dr-55 The hub shell, in this case in a wheel, may now be slid over the assembled gear mechanism. Before doing this, look inside the hub shell and note that two teeth on opposite sides of the toothing on the hub shell are shorter than the others. This is the only place that will pass over the two projections on the drive ring. Try to align the mating parts as best as possible, then rotate the shell a little to get it to pass over the drive ring.
dr-56 View of shell in place on the hub mechanism.
dr-57 Take the brake band with the wide end of the cone shape and cutouts down, and the lugs up, and apply molybdenum or CV grease to it generously.
dr-58 Put the brake band into the hub so that the cutouts at the base engage with the friction spring ends sticking out of the brake cone.
dr-60 Grease the large ball retainer ring and it’s track on the shell with CV or molybdenum grease and put the ring into place on the hub shell. Note that it will only rotate properly one way up, closed side outwards.
dr-61 Fit the brake plate with the integral reaction arm on to the hub ensuring that the slots align with the projections in the brake band.
dr-66 Screw on the first locknut and tighten only finger tight. Place the thin anti-turn washer on the axle.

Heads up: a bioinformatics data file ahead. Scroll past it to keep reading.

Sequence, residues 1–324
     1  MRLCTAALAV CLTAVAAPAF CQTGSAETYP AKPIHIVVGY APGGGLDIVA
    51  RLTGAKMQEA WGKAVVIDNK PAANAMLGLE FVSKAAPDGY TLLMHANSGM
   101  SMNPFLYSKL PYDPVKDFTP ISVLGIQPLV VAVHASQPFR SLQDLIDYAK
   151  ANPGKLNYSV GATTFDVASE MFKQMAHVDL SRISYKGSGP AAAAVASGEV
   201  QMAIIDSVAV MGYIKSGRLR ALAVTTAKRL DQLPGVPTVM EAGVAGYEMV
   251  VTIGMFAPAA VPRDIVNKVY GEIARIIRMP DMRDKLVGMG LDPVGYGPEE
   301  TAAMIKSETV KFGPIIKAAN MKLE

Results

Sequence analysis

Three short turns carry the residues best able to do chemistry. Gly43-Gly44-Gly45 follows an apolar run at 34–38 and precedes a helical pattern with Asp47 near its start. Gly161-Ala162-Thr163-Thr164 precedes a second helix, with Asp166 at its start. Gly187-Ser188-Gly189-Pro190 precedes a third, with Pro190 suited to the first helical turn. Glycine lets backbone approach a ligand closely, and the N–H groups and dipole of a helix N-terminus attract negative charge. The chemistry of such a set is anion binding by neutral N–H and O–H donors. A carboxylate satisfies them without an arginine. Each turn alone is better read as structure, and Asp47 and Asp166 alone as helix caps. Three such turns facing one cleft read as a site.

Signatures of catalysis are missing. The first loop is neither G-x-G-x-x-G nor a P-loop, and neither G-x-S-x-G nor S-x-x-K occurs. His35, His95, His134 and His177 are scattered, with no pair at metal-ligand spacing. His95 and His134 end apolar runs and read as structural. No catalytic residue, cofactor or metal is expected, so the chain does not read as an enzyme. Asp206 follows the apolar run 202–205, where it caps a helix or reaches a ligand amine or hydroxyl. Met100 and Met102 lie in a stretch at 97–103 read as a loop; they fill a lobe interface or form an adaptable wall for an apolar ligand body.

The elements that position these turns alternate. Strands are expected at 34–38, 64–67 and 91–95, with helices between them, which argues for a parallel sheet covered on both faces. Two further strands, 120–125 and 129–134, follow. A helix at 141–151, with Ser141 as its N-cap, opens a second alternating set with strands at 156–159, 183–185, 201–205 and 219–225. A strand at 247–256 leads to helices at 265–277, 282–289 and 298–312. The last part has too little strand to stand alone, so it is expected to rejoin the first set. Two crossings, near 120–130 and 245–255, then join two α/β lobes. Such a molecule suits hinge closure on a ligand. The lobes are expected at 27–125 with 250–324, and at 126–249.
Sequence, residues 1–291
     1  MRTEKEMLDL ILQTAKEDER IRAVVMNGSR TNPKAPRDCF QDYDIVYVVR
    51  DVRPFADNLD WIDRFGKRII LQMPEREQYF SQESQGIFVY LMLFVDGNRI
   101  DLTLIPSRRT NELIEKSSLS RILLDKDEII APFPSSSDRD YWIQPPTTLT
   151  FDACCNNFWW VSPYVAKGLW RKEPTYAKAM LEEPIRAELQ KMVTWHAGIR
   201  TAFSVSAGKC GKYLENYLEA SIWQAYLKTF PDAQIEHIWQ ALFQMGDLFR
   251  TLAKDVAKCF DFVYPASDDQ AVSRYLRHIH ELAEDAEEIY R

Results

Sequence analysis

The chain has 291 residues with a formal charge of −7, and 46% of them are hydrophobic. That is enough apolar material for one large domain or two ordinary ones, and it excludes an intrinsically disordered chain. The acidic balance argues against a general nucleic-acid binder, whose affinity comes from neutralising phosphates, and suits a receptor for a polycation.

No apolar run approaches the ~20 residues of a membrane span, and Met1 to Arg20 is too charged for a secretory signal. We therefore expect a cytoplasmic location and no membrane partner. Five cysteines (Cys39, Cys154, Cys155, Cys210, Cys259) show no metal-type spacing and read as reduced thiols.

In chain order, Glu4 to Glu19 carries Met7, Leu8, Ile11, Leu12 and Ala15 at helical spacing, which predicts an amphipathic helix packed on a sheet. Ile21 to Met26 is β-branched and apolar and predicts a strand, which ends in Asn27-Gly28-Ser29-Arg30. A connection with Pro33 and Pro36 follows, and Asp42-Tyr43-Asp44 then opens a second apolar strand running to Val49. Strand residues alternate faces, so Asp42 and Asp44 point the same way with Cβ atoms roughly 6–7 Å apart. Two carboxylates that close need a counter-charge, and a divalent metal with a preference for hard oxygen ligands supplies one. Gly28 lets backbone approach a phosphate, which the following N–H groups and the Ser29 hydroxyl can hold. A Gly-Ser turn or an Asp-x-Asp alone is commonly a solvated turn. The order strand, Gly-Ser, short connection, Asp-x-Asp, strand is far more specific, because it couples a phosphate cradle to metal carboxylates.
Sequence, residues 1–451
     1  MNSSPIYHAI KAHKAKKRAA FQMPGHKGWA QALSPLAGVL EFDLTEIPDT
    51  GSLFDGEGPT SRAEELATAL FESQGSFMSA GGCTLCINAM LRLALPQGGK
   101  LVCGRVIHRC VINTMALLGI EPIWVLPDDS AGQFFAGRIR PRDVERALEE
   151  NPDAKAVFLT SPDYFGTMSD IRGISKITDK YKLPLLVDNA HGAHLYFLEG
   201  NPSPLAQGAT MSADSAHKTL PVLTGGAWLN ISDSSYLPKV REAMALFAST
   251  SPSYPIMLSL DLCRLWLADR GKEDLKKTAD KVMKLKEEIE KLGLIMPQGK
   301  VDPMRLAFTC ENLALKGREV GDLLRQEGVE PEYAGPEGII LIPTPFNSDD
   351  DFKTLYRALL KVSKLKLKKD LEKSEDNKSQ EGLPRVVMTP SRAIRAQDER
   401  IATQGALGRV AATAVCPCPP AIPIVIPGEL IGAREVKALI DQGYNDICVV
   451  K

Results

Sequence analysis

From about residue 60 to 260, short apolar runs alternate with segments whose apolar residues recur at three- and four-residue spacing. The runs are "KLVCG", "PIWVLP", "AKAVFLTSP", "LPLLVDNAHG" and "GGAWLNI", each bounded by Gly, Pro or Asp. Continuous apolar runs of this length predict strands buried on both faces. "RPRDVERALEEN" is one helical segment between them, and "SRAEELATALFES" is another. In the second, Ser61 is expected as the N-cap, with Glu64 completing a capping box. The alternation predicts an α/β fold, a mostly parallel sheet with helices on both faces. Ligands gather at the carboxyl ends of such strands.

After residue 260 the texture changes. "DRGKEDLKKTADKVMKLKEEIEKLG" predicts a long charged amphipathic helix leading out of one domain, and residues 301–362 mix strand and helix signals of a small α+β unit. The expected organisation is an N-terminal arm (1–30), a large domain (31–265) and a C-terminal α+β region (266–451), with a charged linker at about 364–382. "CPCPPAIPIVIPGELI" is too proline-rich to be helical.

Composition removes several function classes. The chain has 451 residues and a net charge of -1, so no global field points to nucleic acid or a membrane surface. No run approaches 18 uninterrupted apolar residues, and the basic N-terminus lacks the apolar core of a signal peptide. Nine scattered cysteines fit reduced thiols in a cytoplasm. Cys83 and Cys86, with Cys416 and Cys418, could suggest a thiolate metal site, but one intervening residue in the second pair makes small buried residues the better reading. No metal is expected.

dr-67 Screw on the second locknut, and tighten lightly at first. Check the wheel for both tightness and play, and adjust the cones if it seems too tight or too loose. Over tightness can be assessed by taking the wheel out of the vice and turning the driver (i.e. where the sprocket will be attached). When you are satisfied, tighten the second locknut fully and re-check the setting. Note that the brake reaction arm is not fixed on the Duomatic but may be swivelled into the desired position before clamping to the frame.
dr-68 Finally, install the serrated washer and the axle nut. If you need to, remove the cone from the other end of the axle and fit the small bearing retainer into the driver. Then replace the cone and screw the locknut up tightly.
Last Updated on Sunday, 07 November 2010 22:32